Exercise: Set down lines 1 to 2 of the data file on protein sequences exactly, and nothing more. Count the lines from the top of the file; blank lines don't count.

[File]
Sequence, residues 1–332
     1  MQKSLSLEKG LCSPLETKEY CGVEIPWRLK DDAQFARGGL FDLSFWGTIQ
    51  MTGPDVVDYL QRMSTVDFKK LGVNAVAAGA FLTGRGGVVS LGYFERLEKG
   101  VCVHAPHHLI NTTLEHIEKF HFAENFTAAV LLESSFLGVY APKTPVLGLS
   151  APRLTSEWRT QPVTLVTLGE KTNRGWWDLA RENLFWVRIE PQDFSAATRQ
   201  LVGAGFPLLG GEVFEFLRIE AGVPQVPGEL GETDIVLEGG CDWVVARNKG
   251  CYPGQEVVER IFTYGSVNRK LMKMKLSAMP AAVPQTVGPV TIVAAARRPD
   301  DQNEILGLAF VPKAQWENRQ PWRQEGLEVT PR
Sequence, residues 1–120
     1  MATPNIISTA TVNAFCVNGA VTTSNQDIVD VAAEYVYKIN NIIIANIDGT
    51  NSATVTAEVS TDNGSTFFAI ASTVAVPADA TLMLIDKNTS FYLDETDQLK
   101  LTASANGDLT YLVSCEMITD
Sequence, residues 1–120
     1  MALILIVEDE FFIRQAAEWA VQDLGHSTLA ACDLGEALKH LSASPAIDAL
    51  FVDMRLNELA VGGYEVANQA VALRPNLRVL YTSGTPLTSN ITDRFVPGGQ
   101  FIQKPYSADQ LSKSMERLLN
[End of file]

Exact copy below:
Sequence, residues 1–332
     1  MQKSLSLEKG LCSPLETKEY CGVEIPWRLK DDAQFARGGL FDLSFWGTIQ